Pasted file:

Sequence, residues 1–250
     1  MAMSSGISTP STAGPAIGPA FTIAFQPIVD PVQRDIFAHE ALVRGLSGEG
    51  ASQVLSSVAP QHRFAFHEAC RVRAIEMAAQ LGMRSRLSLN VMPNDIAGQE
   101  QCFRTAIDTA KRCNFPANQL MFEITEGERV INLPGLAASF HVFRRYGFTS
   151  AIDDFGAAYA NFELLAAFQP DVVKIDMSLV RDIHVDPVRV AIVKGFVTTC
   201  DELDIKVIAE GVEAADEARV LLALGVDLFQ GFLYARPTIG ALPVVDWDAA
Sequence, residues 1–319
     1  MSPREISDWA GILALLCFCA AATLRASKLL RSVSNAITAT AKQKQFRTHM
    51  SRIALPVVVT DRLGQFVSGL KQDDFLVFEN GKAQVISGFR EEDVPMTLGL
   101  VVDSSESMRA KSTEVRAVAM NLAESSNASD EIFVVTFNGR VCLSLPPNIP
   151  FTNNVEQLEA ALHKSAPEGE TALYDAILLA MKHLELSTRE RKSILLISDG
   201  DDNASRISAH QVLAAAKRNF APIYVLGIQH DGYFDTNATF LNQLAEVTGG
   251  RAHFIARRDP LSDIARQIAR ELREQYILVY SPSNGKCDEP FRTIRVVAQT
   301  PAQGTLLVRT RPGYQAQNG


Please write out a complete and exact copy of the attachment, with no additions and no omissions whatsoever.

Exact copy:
Sequence, residues 1–250
     1  MAMSSGISTP STAGPAIGPA FTIAFQPIVD PVQRDIFAHE ALVRGLSGEG
    51  ASQVLSSVAP QHRFAFHEAC RVRAIEMAAQ LGMRSRLSLN VMPNDIAGQE
   101  QCFRTAIDTA KRCNFPANQL MFEITEGERV INLPGLAASF HVFRRYGFTS
   151  AIDDFGAAYA NFELLAAFQP DVVKIDMSLV RDIHVDPVRV AIVKGFVTTC
   201  DELDIKVIAE GVEAADEARV LLALGVDLFQ GFLYARPTIG ALPVVDWDAA
Sequence, residues 1–319
     1  MSPREISDWA GILALLCFCA AATLRASKLL RSVSNAITAT AKQKQFRTHM
    51  SRIALPVVVT DRLGQFVSGL KQDDFLVFEN GKAQVISGFR EEDVPMTLGL
   101  VVDSSESMRA KSTEVRAVAM NLAESSNASD EIFVVTFNGR VCLSLPPNIP
   151  FTNNVEQLEA ALHKSAPEGE TALYDAILLA MKHLELSTRE RKSILLISDG
   201  DDNASRISAH QVLAAAKRNF APIYVLGIQH DGYFDTNATF LNQLAEVTGG
   251  RAHFIARRDP LSDIARQIAR ELREQYILVY SPSNGKCDEP FRTIRVVAQT
   301  PAQGTLLVRT RPGYQAQNG